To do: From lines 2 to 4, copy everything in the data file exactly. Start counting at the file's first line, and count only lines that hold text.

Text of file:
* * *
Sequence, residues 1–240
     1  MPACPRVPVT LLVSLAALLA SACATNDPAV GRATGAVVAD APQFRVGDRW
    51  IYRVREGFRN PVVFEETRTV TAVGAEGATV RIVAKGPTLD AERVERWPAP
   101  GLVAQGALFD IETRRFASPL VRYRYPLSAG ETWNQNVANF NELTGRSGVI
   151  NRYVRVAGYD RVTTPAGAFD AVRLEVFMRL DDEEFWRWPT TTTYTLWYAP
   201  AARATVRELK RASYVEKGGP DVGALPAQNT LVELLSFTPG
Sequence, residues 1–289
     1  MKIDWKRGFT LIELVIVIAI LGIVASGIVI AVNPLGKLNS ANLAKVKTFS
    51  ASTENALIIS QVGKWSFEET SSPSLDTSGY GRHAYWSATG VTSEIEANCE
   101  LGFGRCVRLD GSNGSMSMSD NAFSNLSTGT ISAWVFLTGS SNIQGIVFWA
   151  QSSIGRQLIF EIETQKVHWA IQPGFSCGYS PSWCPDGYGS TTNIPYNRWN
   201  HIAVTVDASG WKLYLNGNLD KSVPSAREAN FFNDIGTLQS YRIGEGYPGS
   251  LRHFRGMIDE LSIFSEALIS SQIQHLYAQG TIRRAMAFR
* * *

     1  MPACPRVPVT LLVSLAALLA SACATNDPAV GRATGAVVAD APQFRVGDRW
    51  IYRVREGFRN PVVFEETRTV TAVGAEGATV RIVAKGPTLD AERVERWPAP
   101  GLVAQGALFD IETRRFASPL VRYRYPLSAG ETWNQNVANF NELTGRSGVI